• Loyalty Programs: To incentivize customers to keep spending with you, you can segment them based on the number of points they’ve collected from spending or by the tier they’re on. For example, you can segment your audience based on their earned points and send them hyper-relevant offers to continue spending with your business.
  • On-site Personalization: You can tailor your users' experience on your website based on their preferences or past behaviors. For example, if you were an e-commerce store, you could use a user's buying history to personalize the home page with products they might be interested in.

Audience Segmentation Tools

There are many different audience segmentation tools available on the market today. Here’s a quick breakdown of the best platforms available in the market today:

  • Hightouch is a Composable CDP that lets you build and segment audiences using customer data in your data warehouse. The platform has a no-code UI your marketers can use to build and define audiences and a robust sync engine to sync those customer segments to 200+ destinations to power your digital marketing campaigns.
  • Segment is a Customer Data Platform specializing in event collection and Data Activation. The platform lets you build and manage audience cohorts and sync them to downstream destinations to power your marketing efforts. However, due to the rigid data model within the platform, these segments are usually limited to behavioral data and often missing critical context from your other sources.
  • Simon Data is a fully managed CDP that runs on Snowflake. The platform lets you build audience cohorts from your Snowflake data and sync them to downstream marketing tools. However, the platform does not work with other data warehouses. It only runs on Snowflake.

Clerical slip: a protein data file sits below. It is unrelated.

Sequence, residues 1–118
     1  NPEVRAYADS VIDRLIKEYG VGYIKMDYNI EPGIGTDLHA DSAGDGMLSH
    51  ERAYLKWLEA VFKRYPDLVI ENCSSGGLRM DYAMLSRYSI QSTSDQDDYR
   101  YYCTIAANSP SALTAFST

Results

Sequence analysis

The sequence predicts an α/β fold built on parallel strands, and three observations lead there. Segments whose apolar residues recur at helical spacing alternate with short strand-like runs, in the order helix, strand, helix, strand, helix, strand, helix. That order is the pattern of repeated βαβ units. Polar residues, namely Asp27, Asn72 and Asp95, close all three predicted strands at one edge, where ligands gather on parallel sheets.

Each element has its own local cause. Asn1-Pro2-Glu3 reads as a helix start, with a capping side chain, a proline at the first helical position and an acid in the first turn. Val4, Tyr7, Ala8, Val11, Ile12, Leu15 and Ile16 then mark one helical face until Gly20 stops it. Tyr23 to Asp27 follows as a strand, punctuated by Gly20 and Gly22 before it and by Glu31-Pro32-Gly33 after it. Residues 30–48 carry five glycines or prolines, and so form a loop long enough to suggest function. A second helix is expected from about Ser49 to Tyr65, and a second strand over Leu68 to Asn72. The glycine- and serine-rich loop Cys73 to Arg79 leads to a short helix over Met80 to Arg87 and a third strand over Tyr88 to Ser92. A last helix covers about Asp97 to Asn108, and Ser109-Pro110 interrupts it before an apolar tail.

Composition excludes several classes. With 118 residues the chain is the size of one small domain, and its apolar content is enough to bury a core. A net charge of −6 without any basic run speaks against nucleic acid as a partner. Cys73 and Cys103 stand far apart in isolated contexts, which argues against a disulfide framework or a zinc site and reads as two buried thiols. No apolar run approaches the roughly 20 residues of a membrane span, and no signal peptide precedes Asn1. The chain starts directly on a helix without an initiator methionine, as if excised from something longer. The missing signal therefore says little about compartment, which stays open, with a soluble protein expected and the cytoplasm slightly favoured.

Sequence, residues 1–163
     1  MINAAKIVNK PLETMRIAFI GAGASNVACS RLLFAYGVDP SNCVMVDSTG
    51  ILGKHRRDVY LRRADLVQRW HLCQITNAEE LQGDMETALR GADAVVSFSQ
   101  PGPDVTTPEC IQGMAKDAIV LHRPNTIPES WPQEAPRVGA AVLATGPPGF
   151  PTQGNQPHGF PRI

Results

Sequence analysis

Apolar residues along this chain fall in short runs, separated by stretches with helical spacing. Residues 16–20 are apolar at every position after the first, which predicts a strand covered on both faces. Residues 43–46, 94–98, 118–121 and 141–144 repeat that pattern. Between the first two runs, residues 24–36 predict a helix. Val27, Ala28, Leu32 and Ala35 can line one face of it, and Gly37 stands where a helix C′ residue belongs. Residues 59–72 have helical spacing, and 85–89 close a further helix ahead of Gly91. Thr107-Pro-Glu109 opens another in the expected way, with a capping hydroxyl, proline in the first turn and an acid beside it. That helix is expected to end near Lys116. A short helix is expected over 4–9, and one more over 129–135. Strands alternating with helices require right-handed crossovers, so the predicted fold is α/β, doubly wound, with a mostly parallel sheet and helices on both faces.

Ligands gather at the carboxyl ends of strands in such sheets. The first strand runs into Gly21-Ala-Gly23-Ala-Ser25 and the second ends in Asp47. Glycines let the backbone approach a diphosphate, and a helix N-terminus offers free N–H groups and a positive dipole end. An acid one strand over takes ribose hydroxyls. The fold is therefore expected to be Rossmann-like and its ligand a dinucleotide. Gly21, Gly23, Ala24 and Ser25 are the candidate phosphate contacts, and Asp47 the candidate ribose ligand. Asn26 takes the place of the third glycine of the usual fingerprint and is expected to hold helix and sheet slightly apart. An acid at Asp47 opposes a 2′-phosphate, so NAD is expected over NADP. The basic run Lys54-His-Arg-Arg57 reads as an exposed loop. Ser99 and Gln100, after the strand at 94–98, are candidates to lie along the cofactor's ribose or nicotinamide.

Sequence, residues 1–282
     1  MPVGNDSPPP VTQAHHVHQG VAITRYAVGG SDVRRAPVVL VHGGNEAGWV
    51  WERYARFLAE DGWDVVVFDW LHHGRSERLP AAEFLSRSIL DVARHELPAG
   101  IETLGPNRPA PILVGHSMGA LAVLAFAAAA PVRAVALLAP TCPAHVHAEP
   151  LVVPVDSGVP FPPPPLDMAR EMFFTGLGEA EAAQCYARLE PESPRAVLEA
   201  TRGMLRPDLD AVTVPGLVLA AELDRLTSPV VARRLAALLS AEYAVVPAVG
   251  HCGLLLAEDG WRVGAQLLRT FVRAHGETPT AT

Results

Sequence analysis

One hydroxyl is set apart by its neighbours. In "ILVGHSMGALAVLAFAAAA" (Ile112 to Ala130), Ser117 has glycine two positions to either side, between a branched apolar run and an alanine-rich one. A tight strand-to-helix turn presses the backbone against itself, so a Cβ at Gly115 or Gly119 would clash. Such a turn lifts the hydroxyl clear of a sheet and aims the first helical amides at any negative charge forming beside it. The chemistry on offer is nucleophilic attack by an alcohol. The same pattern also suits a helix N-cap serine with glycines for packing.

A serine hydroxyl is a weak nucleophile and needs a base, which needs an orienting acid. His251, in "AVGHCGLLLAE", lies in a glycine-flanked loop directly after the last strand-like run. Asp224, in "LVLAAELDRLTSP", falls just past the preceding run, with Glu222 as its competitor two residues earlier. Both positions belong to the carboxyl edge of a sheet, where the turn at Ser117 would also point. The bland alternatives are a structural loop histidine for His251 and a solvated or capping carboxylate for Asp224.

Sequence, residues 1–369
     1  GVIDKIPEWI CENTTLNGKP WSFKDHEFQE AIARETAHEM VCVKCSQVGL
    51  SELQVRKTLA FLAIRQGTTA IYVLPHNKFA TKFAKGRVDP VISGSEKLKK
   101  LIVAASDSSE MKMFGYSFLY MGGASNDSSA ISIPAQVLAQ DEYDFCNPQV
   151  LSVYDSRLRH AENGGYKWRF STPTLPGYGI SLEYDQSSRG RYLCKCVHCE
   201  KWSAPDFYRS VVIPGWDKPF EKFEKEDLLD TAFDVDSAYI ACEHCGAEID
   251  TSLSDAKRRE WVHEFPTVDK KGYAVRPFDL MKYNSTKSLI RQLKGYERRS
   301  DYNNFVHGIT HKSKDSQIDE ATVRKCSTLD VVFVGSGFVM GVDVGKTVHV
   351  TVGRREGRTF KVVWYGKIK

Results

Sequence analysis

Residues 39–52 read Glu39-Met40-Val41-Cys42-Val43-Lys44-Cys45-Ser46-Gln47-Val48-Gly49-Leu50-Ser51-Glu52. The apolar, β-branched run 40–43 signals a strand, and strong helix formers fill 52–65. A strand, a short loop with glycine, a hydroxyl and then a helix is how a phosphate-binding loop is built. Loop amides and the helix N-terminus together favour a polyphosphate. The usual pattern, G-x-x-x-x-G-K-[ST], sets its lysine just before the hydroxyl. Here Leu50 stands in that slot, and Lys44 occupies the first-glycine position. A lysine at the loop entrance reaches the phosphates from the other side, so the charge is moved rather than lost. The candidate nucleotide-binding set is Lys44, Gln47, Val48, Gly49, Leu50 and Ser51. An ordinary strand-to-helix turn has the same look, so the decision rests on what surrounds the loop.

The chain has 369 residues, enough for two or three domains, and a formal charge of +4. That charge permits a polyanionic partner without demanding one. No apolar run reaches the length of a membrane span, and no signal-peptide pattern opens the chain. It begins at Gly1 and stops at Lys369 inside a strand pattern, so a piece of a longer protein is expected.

• Adobe CDP is a newer product offered under the Adobe Experience Cloud. This platform helps you consolidate all of the data from your various Adobe tools to create a unified customer profile, from which you can then build audience segments for other Adobe tools like Marketo. However, the platform has little utility if you’re not an existing Adobe customer.

Closing Thoughts

Many marketing tools allow you to segment audiences in their respective platforms, but the problem is that you’re limited to the data available. A much better approach to audience segmentation is to start further upstream in your tech stack–notably your data warehouse—because it houses all your customer data across all your sources.

Composable CDP solutions like Hightouch bridge the gap between your data and marketing teams, providing an interface your marketing teams can use to segment audiences directly from your data warehouse so they can sync that data to any tool in your MarTech stack.

If you want to learn more about how Hightouch can build richer and more accurate audiences using your customer data, book a demo with one of our solutions engineers.